White Trash: The 400-Year Untold History of Class in America by Nancy Isenberg (2016)
I know many felt like the 2016 election was the reckoning of disenchanted white people. It’s easy to dismiss Trump’s base as people entitled by default due to their race, but to do so would avoid grappling with the real challenges a changing economy has thrown in their paths. Prolific author and Salon.com writer Nancy Isenberg lays to bare the history of class in America from the country’s birth to present day. Isenberg explores an economic and social system that is designed to oppress the white working class while demanding their votes, and how these voters have been coveted—and strategically manipulated—by both Republicans and Democrats alike. Purchase a copy on Amazon, find in your local library through WorldCat, and add to Goodreads.
Strangers in Their Own Land: Anger and Mourning on the American Right by Arlie Russell Hochschild (2016)
Do I really need to add another book about angry white people onto this list? I think so, and that’s because Arlie Russell Hochschild’s book is so stunning. A finalist for the National Book Award, Strangers in Their Own Land: Anger and Mourning on the American Right tests the limits of your sympathy and your frustration. My mother read the book just a few weeks after the election. It was painful to hear her talk about how powerful the book was when I was so angry and dispirited that the accumulated years of white people voting against their own interests. This peaked in the surprise election of a deranged billionaire with no political experience and a passion for stoking hatred and violence, someone who could only have his own interests in mind and not those of the people he would (and did) quickly sell out on issues that mattered to them. But Hochschild’s narrative of her journey from liberal Berkeley, California, to the deep of Louisiana’s bayou country will melt down the icy wall around your heart just enough of a crack to show you the maddening contradictions and tangle of hypocrisy we only have a chance of overcoming if we try compassion or, at least, an effort at understanding. Purchase a copy on Amazon, find in your local library through WorldCat, and add to Goodreads.
Dark Money: The Hidden History of the Billionaires Behind the Rise of the Radical Right by Jane Mayer (2016)
An army of poor supporters ended up voting the rich billionaire with the poor-fitting suit and cheap red tie into office. How? Why? Especially when Hillary got slammed for Wall Street ties at the same time? I hope by now you’ve seen that a few of my recommendations here help answer that question on the emotional level. But I want to zero in on the wealth factor here and the way that big money and the uber-rich donors were responsible for raising enough money to fund the campaigns of crooked candidates who win because they are flush with cash. One of my life-long heroes has been Rahm Emanuel, before the Chicago mayor days. The summer after I graduated from college, I read a book called The Thumpin’: How Rahm Emanuel and the Democrats Learned to Be Ruthless and Ended the Republican Revolution. Okay, I think I was maybe the only person who read that book. But it was awesome nonetheless! The Thumpin’ was about Rahm’s successful leadership to flip Congress to a Democratic majority in the 2006 midterms. I remember reading how Rahm told someone the strategy for getting someone elected was (paraphrasing here): “Money, money, money; then money, money, press; then money, press, votes.” Even then Rahm knew the difference between winners and losers was money, not handshakes and selfies with babies. Jane Mayer’s Dark Money is a wakeup call and an essential read for anyone who wants to understand how people with extreme wealth can fuel a fringe candidate like Trump into office—and then shape a radical political agenda. If you were alive and watching The Colbert Report during its airing, you’ll definitely recognize the Supreme Court’s Citizen United case (2010) in Dark Money and how it has turned our government into a patronage system, with the more money you flood into a campaign’s coffers, the more influence you buy, in some cases even a spot in the cabinet (Betsy DeVos, anyone?). Read Dark Money to learn more about how dirty money is behind every big political victory and you’ll quickly see how Mayer’s book received a harvest of acclaim, including the coveted and prestigious spot in the New York Times Book Reviews’ 10 Best Books of the Year.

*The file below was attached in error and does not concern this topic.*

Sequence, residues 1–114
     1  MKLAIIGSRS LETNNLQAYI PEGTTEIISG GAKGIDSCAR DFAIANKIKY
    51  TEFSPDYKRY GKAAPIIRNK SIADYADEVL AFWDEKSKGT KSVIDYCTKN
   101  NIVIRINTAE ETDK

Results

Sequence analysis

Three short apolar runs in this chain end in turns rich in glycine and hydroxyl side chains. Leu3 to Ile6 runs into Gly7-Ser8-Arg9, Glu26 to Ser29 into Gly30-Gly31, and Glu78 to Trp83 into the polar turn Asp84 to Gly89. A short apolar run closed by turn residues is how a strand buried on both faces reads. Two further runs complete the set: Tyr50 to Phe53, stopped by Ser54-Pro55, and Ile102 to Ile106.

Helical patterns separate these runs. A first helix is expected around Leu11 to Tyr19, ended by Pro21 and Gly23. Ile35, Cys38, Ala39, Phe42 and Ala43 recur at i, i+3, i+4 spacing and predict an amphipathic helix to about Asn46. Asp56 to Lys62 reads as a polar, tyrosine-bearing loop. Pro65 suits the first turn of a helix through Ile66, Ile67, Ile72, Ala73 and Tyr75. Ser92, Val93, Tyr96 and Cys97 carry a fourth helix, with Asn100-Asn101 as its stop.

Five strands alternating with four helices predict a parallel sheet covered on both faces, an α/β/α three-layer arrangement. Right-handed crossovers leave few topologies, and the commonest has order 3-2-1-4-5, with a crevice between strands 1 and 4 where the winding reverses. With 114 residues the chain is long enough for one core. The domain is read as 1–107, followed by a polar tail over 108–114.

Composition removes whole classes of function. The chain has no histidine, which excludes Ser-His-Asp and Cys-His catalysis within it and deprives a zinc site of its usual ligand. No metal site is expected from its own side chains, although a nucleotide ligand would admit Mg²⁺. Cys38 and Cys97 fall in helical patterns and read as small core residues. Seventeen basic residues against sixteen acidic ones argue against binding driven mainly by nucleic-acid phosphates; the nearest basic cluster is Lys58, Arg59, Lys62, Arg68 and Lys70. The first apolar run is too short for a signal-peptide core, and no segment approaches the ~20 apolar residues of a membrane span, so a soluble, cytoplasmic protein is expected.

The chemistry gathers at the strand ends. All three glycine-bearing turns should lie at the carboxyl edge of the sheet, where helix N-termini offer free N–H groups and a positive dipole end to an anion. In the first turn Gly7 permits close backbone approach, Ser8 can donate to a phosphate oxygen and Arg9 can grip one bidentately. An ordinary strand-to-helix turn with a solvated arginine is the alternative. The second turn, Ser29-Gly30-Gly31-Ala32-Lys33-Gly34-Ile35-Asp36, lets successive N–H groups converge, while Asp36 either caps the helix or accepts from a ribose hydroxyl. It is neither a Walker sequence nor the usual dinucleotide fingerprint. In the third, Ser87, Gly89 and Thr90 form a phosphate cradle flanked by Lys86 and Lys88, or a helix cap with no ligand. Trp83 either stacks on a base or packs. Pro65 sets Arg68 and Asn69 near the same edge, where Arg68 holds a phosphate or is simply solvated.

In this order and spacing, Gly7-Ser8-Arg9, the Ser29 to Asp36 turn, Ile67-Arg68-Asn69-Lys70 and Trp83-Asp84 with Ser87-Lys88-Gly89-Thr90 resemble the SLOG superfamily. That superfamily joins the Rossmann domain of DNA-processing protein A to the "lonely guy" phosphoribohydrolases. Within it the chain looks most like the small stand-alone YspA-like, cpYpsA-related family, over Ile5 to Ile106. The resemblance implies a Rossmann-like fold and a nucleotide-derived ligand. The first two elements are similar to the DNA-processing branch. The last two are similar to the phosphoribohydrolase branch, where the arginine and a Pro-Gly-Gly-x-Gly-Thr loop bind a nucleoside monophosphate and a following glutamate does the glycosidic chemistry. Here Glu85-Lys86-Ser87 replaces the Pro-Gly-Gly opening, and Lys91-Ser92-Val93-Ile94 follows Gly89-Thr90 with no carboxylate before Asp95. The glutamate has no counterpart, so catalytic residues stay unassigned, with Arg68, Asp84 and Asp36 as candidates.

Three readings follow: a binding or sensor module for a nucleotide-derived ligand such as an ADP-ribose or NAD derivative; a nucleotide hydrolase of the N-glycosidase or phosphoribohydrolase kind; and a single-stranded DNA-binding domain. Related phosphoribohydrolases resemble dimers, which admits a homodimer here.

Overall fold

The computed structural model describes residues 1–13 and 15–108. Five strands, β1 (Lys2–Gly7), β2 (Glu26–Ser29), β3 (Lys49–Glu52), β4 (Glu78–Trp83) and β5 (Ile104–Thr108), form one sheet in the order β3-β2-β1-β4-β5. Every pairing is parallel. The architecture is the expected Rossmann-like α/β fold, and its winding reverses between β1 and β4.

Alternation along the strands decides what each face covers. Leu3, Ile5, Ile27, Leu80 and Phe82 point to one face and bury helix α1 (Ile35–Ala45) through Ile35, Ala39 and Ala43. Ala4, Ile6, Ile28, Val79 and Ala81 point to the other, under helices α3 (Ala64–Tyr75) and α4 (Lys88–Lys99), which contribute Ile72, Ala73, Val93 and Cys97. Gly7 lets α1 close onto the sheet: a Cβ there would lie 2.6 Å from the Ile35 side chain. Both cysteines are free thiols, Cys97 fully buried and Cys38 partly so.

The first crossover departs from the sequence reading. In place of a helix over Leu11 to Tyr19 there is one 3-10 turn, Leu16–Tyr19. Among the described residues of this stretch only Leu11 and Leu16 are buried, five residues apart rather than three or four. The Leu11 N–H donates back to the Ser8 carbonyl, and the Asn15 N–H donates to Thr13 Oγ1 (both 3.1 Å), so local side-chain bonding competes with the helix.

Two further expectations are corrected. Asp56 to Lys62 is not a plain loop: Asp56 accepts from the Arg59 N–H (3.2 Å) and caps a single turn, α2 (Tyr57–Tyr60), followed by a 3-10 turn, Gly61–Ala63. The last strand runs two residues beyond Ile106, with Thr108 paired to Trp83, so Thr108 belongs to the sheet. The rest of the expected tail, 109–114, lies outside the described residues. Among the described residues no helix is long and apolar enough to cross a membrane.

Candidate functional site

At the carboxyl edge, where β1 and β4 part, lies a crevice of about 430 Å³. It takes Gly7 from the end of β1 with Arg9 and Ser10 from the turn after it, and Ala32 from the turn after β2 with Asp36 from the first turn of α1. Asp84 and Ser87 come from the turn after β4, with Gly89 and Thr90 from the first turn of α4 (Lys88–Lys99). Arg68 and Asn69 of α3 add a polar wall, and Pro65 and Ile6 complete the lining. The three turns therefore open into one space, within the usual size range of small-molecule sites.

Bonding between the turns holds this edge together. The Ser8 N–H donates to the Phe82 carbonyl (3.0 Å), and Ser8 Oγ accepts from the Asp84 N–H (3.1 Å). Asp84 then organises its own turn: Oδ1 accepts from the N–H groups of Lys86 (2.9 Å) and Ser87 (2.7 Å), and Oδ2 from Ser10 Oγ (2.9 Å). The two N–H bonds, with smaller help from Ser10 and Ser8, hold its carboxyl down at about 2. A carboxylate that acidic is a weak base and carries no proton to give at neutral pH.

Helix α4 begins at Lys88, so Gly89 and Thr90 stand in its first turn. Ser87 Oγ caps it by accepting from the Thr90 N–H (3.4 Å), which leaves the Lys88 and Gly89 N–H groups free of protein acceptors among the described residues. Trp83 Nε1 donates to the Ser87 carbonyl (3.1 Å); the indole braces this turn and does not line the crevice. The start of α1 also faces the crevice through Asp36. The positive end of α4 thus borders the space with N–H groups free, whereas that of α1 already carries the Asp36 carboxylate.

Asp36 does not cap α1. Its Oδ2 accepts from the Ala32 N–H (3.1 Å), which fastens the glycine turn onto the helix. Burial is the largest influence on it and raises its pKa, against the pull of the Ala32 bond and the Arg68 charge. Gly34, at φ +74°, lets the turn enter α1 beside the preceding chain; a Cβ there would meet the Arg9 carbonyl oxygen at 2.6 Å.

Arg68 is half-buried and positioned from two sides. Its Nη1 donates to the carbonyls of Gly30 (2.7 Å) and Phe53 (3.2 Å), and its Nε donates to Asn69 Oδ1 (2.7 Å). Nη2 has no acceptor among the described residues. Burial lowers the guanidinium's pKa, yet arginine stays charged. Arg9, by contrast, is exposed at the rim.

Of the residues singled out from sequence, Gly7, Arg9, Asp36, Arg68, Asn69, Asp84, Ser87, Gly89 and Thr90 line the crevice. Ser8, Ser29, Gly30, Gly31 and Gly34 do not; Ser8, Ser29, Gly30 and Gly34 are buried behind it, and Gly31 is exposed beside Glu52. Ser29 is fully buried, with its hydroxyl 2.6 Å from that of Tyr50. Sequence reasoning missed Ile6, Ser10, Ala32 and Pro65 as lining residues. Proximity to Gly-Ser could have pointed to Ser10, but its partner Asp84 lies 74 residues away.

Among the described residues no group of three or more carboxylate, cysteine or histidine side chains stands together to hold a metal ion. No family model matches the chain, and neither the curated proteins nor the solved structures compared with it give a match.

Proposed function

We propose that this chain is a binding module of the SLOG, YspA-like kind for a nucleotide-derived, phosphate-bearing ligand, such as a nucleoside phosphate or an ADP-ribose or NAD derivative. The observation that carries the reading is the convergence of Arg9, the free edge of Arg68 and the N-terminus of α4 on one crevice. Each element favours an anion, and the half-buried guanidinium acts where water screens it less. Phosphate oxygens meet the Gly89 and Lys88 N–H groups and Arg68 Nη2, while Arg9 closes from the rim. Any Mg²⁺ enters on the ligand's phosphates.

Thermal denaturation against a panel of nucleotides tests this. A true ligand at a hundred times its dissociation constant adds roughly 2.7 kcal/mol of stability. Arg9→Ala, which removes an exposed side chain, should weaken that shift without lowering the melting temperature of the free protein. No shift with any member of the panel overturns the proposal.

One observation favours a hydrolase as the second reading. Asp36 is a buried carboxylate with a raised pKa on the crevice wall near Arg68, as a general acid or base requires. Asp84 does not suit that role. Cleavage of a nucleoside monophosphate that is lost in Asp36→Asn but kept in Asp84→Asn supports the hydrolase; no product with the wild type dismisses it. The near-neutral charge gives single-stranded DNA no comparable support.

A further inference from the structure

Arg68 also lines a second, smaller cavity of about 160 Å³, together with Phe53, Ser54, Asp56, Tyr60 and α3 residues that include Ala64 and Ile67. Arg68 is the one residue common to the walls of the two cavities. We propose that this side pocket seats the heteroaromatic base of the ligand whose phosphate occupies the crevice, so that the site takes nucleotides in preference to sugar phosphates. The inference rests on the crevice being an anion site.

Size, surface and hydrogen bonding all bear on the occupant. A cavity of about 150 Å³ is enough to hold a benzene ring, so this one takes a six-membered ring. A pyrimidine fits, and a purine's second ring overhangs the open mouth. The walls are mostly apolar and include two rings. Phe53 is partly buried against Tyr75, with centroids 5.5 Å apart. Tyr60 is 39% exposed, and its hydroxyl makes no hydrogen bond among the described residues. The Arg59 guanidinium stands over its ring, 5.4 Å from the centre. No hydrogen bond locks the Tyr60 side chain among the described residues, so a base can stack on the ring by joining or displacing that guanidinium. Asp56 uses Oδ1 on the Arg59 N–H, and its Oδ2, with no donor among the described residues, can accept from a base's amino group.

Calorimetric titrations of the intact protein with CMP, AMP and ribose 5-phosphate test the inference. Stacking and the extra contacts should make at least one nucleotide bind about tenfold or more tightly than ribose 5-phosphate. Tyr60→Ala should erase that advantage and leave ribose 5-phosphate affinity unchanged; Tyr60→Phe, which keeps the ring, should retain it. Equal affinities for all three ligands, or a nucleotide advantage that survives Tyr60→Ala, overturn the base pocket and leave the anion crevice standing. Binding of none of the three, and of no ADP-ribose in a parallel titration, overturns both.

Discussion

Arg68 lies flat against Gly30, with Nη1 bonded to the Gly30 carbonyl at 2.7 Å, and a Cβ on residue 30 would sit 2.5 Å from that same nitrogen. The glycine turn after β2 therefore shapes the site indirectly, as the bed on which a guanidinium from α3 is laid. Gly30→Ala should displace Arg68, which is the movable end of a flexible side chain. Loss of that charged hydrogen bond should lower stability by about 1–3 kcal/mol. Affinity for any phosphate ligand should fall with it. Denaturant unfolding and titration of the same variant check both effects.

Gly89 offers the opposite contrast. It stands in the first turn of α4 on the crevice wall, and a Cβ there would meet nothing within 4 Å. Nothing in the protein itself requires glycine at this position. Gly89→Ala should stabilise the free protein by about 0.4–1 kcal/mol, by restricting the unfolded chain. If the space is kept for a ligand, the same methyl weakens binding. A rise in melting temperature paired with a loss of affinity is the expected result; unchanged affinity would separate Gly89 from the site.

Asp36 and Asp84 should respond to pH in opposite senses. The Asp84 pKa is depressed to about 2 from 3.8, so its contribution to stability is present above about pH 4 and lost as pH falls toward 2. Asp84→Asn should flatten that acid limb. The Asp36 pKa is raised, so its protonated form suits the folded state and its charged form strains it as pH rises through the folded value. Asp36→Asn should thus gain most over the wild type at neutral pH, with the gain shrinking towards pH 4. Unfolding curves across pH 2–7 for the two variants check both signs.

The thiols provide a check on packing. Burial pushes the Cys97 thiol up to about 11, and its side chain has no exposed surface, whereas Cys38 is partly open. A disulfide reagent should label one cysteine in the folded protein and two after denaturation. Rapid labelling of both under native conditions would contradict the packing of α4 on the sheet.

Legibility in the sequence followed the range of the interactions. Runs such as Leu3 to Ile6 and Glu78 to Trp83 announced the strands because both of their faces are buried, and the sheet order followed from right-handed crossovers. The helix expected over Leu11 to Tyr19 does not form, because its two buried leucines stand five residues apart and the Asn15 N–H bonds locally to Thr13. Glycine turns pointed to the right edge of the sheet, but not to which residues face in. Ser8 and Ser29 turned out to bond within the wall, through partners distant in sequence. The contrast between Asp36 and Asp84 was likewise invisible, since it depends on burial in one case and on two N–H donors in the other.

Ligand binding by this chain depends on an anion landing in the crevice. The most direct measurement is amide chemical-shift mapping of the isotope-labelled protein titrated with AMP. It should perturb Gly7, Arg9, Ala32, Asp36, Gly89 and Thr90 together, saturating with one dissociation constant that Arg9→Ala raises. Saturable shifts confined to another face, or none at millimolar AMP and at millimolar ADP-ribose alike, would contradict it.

Democracy in Chains: The Deep History of the Radical Right’s Stealth Plan for America by Nancy McClean (2017)